Commentary

Where Shoppers Want to Find Their Promotions

According to a new CrossView survey among shoppers in North Carolina, Ohio, Illinois and Kansas, to determine' retail promotion preferences, 35% said they were shopping due to a recently received promotion from a retailer. Of those who did not receive a promotion, 68% said they would have been more likely to visit a store if they had been given one. Respondents were 64% female and 36% male.

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The survey showed a significant consumer preference for receiving promotions via email as opposed to other methods of delivery. Social media, considered by many retailers as the next wave of consumer communication, ranked nearly last with 9%.

Preferred Retail Promotion Delivery (% of US In-Store Shoppers)

Delivery of Promotion

% of Respondents

Email

37%

Mailer

23

Text message

18

In-Store

11

Social Media

9

Other (TV, Street Sign, Website, Newspaper, etc)

3

Source: CrossView, July 2010

Mark Fodor, Chief Executive Officer at CrossView "The survey findings... show that delivery methods and consumer preferences are across the board... retailers need to be able to communicate brand, product and promotional messaging consistently across channels."

Among respondents shopping due to a promotion, delivery methods included:

  • 32% Mailer
  • 29% In-Store
  • 27% E-mail
  •  9% Other (TV, Street Sign, Website, Newspaper, etc)
  • 4% Text
  •  0% Social Media

Fodor adds, "... regardless of which technologies are ‘hot,' shoppers expect to navigate between channels based on convenience and personal preference."

The shoppers also indicated willingness to receive other types of communications from retailers. 39% percent of respondents said they would like to receive new product information, 16% requested store opening/closing notices, and 12% said they would like to receive discounts/coupons.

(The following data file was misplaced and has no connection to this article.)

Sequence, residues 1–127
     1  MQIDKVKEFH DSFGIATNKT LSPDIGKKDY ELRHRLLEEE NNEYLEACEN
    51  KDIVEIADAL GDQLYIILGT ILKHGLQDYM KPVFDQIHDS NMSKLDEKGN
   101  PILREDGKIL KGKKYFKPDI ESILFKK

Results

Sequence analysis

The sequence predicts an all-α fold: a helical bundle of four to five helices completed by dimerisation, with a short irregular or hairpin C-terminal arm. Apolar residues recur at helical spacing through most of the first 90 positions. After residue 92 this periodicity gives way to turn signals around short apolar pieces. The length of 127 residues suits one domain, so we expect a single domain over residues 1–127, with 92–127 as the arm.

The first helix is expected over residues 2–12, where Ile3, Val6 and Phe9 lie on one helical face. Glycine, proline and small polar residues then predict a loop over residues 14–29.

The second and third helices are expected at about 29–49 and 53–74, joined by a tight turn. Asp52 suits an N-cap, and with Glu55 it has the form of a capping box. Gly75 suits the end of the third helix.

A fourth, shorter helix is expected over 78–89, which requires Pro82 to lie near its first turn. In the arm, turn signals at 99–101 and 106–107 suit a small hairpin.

For more information from CrossView, please visit here.

 

7 comments about "Where Shoppers Want to Find Their Promotions".
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  1. Howie Goldfarb from Blue Star Strategic Marketing, July 29, 2010 at 8:34 a.m.

    It would be nice to know how many people we in the survey. You really should never write about any research that doesn't include the sampling pool. Thank you.

  2. Howie Goldfarb from Blue Star Strategic Marketing, July 29, 2010 at 8:37 a.m.

    I didn't read this fully and I tweeted the link claiming Social Media does not exist nor is wanted on the selling side. Then I see the sample is 160 people. To me this data is now valueless. It means absolutely nothing. And I traditionally like the insights provided in the research brief. Ask 1000 and we can talk.

  3. Rob Longert from M Booth & Associates, July 29, 2010 at 8:45 a.m.

    I have to agree with Howie here. When I first saw that zero percent stat for shoppers who attend a promo via social media, I was shocked.

    160 people "across four states," including North Carolina, Ohio, Illinois and Kansas, is a pretty small sample.

    I wonder if the numbers would change based on a national study with samples from each of the 50 states, or at least some more varied geographic locations.

  4. Timothy Otoole from Hasbro, July 29, 2010 at 8:49 a.m.

    Glad that you all pointed out that it was only 160 respondants...that is garbage. I was about to forward this to our senior director of shopper insights...glad that I did not!

  5. Lonnie Peppler-Moyer, July 29, 2010 at 8:57 a.m.

    It would be interesting to see the survey questions and know how this was conducted. This is totally counter to what we hear from our customers and that's a survey of thousands of customers.

  6. Mike Einstein from the Brothers Einstein, July 29, 2010 at 9:45 a.m.

    More evidence that there are too many jokers in the social media house of cards.

  7. Fraser Elliott from Opinions expressed herein are solely my own, August 2, 2010 at 7:50 p.m.

    This survey is comically "self-promoting"

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